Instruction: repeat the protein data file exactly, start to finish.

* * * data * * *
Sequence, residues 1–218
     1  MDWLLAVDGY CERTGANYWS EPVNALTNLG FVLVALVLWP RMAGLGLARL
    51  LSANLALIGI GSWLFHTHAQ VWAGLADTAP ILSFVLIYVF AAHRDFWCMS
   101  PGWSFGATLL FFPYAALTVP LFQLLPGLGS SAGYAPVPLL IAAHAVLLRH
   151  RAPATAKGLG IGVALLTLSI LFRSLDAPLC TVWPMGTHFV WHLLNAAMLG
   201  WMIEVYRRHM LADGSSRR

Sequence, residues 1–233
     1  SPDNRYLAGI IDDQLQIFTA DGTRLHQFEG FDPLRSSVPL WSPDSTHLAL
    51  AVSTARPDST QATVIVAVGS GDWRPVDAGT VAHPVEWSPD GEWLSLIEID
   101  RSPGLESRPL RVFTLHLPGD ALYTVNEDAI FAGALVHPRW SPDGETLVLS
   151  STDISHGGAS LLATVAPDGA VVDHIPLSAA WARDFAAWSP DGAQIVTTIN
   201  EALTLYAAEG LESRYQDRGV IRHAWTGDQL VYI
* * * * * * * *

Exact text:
Sequence, residues 1–218
     1  MDWLLAVDGY CERTGANYWS EPVNALTNLG FVLVALVLWP RMAGLGLARL
    51  LSANLALIGI GSWLFHTHAQ VWAGLADTAP ILSFVLIYVF AAHRDFWCMS
   101  PGWSFGATLL FFPYAALTVP LFQLLPGLGS SAGYAPVPLL IAAHAVLLRH
   151  RAPATAKGLG IGVALLTLSI LFRSLDAPLC TVWPMGTHFV WHLLNAAMLG
   201  WMIEVYRRHM LADGSSRR

Sequence, residues 1–233
     1  SPDNRYLAGI IDDQLQIFTA DGTRLHQFEG FDPLRSSVPL WSPDSTHLAL
    51  AVSTARPDST QATVIVAVGS GDWRPVDAGT VAHPVEWSPD GEWLSLIEID
   101  RSPGLESRPL RVFTLHLPGD ALYTVNEDAI FAGALVHPRW SPDGETLVLS
   151  STDISHGGAS LLATVAPDGA VVDHIPLSAA WARDFAAWSP DGAQIVTTIN
   201  EALTLYAAEG LESRYQDRGV IRHAWTGDQL VYI